In recent times, the view of our jurists about the testimony of women has remained a subject of hot debate. The general view in this regard is that in cases of H~udud, female witnesses are in no way acceptable. As far as other affairs are concerned, their testimony is acceptable only when in place of a male witness two of them testify alongside another male witness.
In our opinion, this view of our jurists is not correct. They have based it on the following verse of the Qur'an:
O ye who believe! When you acquire a loan for a fixed period, record it in writing, and let a scribe write it down between you with fairness; the scribe should not refuse to write, and just as Allah has taught him to write, he should also write for others; the one who has incurred the debt should have [the document] written and fearing Allah his Lord, he should not make any reduction in it. If the debtor is indiscreet or feeble or unable to have it written, let his guardian do so with justice. And call in two male witnesses from among your men, but if two men cannot be found, then one man and two women from among your likeable people so that if one of them gets confused, the other reminds her. And witnesses must not refuse when they are summoned. And whether the loan is big or small, be not negligent in documenting the deal up to its period. (2:282)
Two implications of this verse are very clear:
Firstly, the verse relates to bearing of witness over a document and has nothing to do with the bearing of witness over an incident. Documentary evidence and circumstantial evidence, it is clear, are distinctly different from each other: in the first case, witnesses are selected by an external agency while in the second case, the presence of witnesses at the site of an incident is an accidental affair. If we have written a document or signed an agreement, the selection of witnesses rests upon our discretion, while in the case of adultery, theft, robbery and other similar crimes whoever is present at the site must be regarded as a witness. The difference between the two cases is so pronounced that no law about one can be deduced on the basis of the other.
Secondly, the context and style of the verse is such that it cannot relate to law or the judicial forums of the state. It is not that after addressing the courts it has been said that if such a law suit is presented before them by a claimant then they should call in witnesses in the prescribed manner. On the contrary, the verse directly addresses people who lend or borrow money over a fixed period. It advises them that if they are involved in such dealings, an agreement between the two parties must be written down, and to avoid dispute and damage, only witnesses who are honest, reliable and morally sound should be appointed. At the same time, their personal involvements and occupations should be suited to fulfil this responsibility in a befitting manner. The verse does not at all mean that a law suit shall stand proven in a court only if at least two men or one man and two women bear witness to it. The verse, it is reiterated, is merely a guidance for the general masses in their social affairs and counsels them to abide by it so that any future dispute can be avoided: it is for their own benefit that this procedure should be adopted.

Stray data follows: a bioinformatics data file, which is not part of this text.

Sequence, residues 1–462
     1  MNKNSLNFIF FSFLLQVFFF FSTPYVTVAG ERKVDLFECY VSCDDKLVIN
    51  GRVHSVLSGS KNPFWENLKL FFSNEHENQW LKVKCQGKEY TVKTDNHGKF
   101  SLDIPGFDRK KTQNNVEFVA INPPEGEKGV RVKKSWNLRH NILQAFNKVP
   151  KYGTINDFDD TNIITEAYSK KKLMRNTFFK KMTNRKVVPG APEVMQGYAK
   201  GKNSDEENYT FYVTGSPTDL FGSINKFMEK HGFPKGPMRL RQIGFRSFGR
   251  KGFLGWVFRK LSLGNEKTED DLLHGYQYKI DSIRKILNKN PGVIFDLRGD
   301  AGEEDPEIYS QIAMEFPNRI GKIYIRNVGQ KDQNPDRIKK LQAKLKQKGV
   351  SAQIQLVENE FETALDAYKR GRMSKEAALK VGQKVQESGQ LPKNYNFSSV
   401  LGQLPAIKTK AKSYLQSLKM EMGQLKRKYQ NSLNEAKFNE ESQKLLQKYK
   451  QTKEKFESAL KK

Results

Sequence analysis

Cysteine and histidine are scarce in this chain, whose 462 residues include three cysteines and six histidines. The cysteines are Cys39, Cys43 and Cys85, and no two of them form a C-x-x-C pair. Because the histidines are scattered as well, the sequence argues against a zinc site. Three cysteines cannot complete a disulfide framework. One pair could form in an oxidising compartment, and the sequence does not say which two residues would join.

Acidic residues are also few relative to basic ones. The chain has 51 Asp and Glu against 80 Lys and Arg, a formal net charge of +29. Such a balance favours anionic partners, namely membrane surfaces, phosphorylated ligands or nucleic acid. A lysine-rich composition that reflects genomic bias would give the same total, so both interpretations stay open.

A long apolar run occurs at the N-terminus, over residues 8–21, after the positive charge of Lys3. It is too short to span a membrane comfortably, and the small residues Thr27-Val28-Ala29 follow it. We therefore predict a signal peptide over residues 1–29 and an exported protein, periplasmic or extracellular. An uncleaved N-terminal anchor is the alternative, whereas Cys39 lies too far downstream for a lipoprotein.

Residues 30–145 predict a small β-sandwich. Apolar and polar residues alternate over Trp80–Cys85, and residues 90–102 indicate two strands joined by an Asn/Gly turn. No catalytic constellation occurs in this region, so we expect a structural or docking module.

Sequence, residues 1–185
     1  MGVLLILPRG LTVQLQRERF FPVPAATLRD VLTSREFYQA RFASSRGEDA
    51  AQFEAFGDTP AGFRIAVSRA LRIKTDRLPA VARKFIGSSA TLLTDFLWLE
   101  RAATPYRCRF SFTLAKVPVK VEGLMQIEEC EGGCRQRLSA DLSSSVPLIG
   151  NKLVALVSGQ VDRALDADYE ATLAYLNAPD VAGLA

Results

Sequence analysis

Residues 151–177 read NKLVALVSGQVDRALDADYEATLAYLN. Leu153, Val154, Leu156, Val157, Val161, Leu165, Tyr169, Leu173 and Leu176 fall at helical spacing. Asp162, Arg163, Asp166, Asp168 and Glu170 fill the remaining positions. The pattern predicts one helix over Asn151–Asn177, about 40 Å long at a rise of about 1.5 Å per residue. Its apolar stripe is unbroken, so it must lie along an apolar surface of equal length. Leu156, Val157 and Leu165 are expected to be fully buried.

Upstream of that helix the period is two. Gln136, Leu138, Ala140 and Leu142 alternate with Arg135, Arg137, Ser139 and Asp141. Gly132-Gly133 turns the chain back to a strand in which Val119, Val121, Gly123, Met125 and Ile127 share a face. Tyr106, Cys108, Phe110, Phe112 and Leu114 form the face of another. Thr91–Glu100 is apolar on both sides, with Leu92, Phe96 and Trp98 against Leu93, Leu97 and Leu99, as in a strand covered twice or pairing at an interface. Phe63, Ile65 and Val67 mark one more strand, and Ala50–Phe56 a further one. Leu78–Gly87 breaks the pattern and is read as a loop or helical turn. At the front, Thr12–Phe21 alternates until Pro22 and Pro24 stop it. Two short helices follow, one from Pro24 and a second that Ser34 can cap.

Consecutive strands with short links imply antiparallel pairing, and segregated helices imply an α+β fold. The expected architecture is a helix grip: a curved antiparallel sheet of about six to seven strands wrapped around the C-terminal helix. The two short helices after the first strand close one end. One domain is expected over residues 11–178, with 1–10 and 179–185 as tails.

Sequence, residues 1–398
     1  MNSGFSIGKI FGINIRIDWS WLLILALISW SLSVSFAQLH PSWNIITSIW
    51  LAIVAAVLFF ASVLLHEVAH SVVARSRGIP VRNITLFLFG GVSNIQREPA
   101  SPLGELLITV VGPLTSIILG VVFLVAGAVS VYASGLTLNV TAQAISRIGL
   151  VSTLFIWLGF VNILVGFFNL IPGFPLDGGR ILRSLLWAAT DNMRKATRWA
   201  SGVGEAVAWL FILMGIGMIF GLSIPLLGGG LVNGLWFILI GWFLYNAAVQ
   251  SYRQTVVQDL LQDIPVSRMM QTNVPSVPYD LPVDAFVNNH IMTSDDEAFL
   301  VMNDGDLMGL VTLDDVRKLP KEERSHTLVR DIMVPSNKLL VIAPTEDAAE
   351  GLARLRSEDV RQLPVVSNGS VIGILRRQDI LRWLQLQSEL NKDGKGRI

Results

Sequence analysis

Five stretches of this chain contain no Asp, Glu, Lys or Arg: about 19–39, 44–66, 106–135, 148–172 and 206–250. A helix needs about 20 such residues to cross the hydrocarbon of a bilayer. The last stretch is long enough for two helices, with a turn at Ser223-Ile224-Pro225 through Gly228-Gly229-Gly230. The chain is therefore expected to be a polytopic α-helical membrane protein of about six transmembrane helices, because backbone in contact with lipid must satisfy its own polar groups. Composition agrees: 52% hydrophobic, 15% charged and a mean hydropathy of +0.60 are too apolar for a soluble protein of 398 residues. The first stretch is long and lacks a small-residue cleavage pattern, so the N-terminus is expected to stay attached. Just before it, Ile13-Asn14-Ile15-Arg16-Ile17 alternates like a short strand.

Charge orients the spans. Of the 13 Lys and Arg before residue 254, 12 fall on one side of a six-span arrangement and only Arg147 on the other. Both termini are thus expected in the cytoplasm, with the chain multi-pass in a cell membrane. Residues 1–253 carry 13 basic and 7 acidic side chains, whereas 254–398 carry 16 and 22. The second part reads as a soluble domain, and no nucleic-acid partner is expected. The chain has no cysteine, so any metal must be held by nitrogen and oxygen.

Consequently, about all such injunctions the Qur'ansays:
This is more just in the sight of Allah; it ensures accuracy in testifying and is the most appropriate way for you to safeguard against doubts. (2:282)
Ibn Qayyamcomments on this verse in the following manner:
It relates to the heavy responsibility of testifying by which a person of wealth protects his rights. It has no concern with the decision of a court. The two are absolutely different from each other. (Vol:1, Pg:91)
If both these implications are kept in consideration, it can be safely said that the premises upon which our jurists have based their opinion about the testimony of women is, in fact, not valid at all. Hence, in our view, in cases of H~udud, Ta'zirat, Qisas, Diyah and indeed in all such matters it is upon the discretion of the judge whether he accepts someone as a witness or not. In this regard, there is to be no discrimination between a man or a woman. If a woman testifies in a clear and definite manner, her testimony cannot be turned down simply on the basis that there is not another woman and a man to testify alongside her. Likewise, if a man records and ambiguous and vague statement, it cannot be accepted merely on the grounds that he is man. If a court is satisfied by the statements of witnesses and by any circumstantial evidence, it has all the authority to pronounce a case as proven and if it is not satisfied, it has all the authority to reject it even if ten men have testified.
There is nothing against our view in any of the traditions of the Prophet (sws) which have been reported by reliable means. In the Qur'analso, testifying over will testaments, divorce, fornication and qadhaf has been mentioned in a manner that has no discrimination for gender---just like many other Qur'anicinjunctions which must be obeyed by both men and women alike. The words that constitute these verses, their structure and context besides all requisites and stipulations of reason and common sense, custom and convention about the meaning of these verses---all are such that women cannot be set apart from the directives they imply.